Cornhole has gone mainstream. You can't walk a block on Folly Beach or Sullivan's Island these days without seeing some gaggle of dudes and their bikini-clad partners shamelessly showing off their cornholing skills right out there in front of everybody.
When cornholing makes the news in South Carolina, it tends to be more about a man and a horse than a beanbag toss, but that's all about to change. The American Cornhole Organization (ACO) is taking the sport to the next level with big money national tournaments. There's even a film coming out this year, Cornhole: The Movie, in the same vein as the Vince Vaughn-led Dodgeball.
The cornhole premise is simple: Toss a beanbag, er, cornbag at a board with a hole in it. Land on the board, you get one point. Land in the hole, you get three. Four tosses each turn, per player, or team of two, and first one to 21 wins.
It's quintessential beer-drinking fun, but with the wrap-the-saggy-nuts-around-the-railing game quickly gaining momentum, cornhole enthusiasts knew it was time to organize.
The ACO ranks cornhole players nationally, and the Palmetto State's Jason Schwab, a high school math teacher in Newberry, currently sits 16th in the U.S. standings. Although Schwab has reached as high as number five in the national ranks, he's limited by living in South Carolina. In Cincinnati, where cornholing was created and remains a favorite pastime, the pros get constant practice. Schwab simply doesn't have enough partners.
"It's hard to motivate yourself to go out and throw by yourself. Two years ago, I did it all the time, but I kind of got burnt out from it, especially since I was still able to finish near the top in most tournaments I played in," says Schwab. "Today, the competition is getting tougher and tougher, so I'm going to need to light a fire under myself."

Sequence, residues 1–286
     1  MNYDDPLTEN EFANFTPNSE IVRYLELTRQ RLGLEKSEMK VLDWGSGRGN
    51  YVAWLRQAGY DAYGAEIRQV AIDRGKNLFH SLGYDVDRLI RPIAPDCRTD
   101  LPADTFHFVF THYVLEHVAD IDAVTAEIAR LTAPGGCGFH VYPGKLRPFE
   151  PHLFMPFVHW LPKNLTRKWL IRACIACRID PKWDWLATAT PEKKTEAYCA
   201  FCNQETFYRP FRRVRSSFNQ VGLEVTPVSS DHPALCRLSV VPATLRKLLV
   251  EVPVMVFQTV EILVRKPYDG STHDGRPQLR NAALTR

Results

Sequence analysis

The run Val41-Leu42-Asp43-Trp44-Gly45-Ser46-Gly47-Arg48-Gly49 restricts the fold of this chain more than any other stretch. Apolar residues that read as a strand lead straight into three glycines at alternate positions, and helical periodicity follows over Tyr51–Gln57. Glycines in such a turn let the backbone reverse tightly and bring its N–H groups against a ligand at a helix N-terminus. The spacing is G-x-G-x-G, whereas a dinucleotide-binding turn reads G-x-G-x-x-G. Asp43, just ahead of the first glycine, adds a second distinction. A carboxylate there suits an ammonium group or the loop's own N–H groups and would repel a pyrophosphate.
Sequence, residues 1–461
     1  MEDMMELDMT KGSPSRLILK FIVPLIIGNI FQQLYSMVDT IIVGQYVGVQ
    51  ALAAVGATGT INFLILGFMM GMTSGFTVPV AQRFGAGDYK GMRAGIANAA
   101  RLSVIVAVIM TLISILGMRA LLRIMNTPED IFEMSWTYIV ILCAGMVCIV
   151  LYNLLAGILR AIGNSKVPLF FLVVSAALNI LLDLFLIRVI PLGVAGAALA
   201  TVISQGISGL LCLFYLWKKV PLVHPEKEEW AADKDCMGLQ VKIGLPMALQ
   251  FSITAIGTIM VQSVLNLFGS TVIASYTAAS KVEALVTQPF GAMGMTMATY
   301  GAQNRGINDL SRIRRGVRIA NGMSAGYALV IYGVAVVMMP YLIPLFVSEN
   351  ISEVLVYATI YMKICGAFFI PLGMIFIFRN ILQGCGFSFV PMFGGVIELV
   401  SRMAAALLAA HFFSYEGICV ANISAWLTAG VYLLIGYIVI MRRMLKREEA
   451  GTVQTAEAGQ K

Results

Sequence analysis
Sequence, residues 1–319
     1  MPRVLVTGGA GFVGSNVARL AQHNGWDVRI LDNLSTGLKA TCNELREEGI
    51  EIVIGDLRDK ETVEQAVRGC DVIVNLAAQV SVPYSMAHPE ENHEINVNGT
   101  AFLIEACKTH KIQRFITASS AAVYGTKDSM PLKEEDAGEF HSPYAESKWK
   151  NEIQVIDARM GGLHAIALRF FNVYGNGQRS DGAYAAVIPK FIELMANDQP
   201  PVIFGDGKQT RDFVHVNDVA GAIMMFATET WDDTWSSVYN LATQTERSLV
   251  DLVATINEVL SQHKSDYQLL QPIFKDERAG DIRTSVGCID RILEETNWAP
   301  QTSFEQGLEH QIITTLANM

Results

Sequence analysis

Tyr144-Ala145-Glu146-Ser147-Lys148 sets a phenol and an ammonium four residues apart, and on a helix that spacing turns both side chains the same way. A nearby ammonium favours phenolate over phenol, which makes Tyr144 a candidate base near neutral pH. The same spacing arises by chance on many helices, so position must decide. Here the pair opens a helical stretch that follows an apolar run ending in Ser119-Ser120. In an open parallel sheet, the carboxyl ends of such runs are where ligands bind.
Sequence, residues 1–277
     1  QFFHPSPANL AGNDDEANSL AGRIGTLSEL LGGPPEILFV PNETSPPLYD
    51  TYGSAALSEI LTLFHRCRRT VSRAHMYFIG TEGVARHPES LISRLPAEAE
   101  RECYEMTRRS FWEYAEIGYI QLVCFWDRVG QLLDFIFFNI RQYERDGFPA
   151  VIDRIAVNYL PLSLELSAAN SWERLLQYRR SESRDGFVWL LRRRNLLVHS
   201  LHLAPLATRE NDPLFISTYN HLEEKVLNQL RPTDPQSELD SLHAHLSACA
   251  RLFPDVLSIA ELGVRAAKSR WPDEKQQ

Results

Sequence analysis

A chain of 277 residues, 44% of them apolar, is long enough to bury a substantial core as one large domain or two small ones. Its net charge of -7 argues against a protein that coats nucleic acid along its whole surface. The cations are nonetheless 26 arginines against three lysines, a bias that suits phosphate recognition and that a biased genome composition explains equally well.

Schwab began a cornhole club at his school and recruited more than 100 students to participate. He wears his pro jersey on cornhole days, and his kids love hearing about his successes at tournaments.
Schwab suggests folks skip the plastic imposters and make a homemade set of boards out of plywood. And then, of course, adorn them with a tiger paw, an angry cock, or any other logo of your choice — even a frikkin' buckeye. Schwab also recommends "starting with at least one six-pack of your favorite beer." He adds, "Some people claim they play way better while drinking, so there's only one way to find out."
Most importantly, know your terminology before you toss. A "cow pie" is a bag that lands on the board (one point), while a "Drano" is a direct hit through the hole (three points). Look out for a "back door," when an opponent lands a "Drano" past a blocker "cow pie" you've left on the board. If you leave a "hanger" on the lip of the hole, you can always still knock it in or even land a "gusher" or "double deuce": four "Dranos" in one round.
With the ACO growing and competitor American Cornhole Association boasting 20,000 members, it's important that Charleston take seriously our role in the greater cornhole movement. With a steady stream of Buckeyes still migrating to our state, defeat on our own shores is hardly acceptable. Check out cornholetournaments.com for the latest pro contests around the state, grab your significant other and some confidence-lubing suds, and get to cornholing.